McAfee CEO stresses mobility at T.O. event

 McAfee Inc. CEO Dave DeWalt’s says enterprises are about to enter a new era in which security actually becomes the enabler for new IT infrastructure models.

Speaking at a partner summit in Toronto on Tuesday, the McAfee chief executive said the tsunami of new smart phones and tablets hitting the market has led to a fundamental shift in direction at his company.  At McAfee, mobility is now the organization’s number one focus as the firm wants to give flexibility to IT shops looking to support the slew of new mobile options headed to market.

To further illustrate his point, DeWalt gave event attendees a peak into the fleet of mobile devices and PCs that McAfee’s 6,000 employees use.  He said the company now has 18,000 network-connected devices in its environment — which works out to an average of three per user — with only 6,000 of those devices being Windows-based.

“Consumerization will be the biggest force in IT,” he said. “I never thought I’d see the day when I see more non-Microsoft devices than Microsoft devices.”

“Greater than 75 per cent of enterprises will be in the same mode we’re at in the very near term,” DeWalt added.

But as organizations follow suit, he said, so too will cyber criminals and mobile malware.

McAfee said it tracks about 40,000,000 bad files through its filtering product, with thousands of malicious files being added to that number each day.

“We’re trying to write a signature for 55,000 pieces of malicious content a day,” he said. “If you think that’s sustainable — it’s not.”

Much of this malware growth, DeWalt said will impact mobile devices, including smart phones, laptops, and tablet PCs.  

McAfee isn’t alone in this assessment either, as last month Moscow-based Kaspersky Lab said it identified more than 1,550 mobile malware signatures in the month of September alone.

While many people have been predicting mobile malware for a while, “this might actually, finally, be the year,” said Kaspersky malware analyst Tim Armstrong. “It’s only a matter of time before we see some really huge malware infections.”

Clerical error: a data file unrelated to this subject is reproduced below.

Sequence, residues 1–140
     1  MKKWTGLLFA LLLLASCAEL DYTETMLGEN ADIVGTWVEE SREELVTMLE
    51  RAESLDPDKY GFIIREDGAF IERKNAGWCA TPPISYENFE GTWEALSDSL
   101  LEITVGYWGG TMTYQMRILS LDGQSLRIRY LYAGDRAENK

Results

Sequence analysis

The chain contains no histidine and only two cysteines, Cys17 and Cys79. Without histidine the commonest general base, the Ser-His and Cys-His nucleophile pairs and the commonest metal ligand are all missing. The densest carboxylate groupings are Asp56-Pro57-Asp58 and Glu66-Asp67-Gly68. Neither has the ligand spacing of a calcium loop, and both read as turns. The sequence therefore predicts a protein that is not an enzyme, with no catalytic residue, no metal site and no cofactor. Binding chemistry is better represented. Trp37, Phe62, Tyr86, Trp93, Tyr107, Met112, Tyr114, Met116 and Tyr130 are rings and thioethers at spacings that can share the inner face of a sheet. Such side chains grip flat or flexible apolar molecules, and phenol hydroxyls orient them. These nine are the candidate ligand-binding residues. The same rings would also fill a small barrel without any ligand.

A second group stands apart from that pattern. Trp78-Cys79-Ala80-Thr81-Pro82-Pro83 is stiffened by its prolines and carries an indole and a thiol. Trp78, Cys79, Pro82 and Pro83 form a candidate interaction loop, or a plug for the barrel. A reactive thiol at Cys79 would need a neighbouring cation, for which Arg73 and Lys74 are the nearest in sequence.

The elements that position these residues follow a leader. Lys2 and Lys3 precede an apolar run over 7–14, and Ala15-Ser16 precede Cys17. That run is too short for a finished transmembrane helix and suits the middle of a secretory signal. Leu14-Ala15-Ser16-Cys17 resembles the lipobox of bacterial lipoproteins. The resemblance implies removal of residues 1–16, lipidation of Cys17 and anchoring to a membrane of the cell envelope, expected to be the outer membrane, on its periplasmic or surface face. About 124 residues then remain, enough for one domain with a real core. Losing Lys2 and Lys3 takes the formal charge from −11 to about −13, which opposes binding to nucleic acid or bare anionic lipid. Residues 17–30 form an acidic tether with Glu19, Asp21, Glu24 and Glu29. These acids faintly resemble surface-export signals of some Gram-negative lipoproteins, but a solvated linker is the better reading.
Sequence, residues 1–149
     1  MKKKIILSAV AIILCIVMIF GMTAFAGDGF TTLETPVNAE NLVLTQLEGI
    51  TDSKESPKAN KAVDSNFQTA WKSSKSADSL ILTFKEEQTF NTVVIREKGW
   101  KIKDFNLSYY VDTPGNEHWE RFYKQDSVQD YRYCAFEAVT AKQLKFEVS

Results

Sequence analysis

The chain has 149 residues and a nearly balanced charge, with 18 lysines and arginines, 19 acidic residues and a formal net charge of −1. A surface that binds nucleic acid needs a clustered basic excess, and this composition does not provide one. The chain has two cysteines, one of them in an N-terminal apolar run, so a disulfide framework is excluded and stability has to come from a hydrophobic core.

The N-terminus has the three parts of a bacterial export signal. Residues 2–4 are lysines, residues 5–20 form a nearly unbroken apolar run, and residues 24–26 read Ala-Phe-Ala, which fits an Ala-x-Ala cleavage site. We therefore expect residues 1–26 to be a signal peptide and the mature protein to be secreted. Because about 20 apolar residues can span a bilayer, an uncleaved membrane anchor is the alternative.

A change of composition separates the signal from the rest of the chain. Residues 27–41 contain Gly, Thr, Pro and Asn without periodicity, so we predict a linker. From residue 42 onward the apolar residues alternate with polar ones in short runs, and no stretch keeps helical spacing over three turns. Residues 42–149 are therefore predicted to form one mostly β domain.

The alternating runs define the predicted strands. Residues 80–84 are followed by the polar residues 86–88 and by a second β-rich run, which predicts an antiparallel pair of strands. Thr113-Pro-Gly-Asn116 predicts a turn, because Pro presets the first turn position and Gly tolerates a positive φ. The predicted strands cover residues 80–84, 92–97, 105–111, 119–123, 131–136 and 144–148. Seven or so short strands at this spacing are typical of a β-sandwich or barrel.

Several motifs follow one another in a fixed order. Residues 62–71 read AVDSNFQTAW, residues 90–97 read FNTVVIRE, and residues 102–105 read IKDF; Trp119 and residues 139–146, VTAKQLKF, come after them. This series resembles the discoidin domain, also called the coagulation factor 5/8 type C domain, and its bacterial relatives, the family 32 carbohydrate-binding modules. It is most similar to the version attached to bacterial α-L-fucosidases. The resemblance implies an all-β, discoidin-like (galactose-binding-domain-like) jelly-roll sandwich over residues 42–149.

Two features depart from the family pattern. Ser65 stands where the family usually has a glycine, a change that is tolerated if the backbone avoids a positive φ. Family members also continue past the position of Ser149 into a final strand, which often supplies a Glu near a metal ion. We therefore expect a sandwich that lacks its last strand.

For McAfee, the only way to solve this burgeoning problem is through a combination of “blacklisting” and “whitelisting.”

On the blacklisting side, DeWalt said McAfee is building a network that lets every endpoint device connect back to a cloud-based database to report back security checks and reputation checks about the users, Web sites, apps and files it contacts.

“Reputation services are really the future,” DeWalt said.

The current drawback of this approach though is that every major security vendor has its own cloud and global database, he said.

In addition to working together with the security community to create a standard global database, DeWalt said, he would like to see the creation of a “World Health Organization for cyber crimes,” which could help get the word out quickly on nasty malware before it spreads.

But the blacklisting method isn’t the only way to go, he said.

Another approach, DeWalt said, shifts endpoint device security away from the pursuit of malicious content, and instead, a whitelisting approach. This means that a mobile device will only allow files or apps that have been deemed “good” or “safe.”

DeWalt said the whitelisting approach could work especially well on non-Windows-based devices.

“Because Windows is so complex, a whitelisting list would almost be as big as the blacklisted list,” he added.

– With files from Grant Gross, IDG News Service

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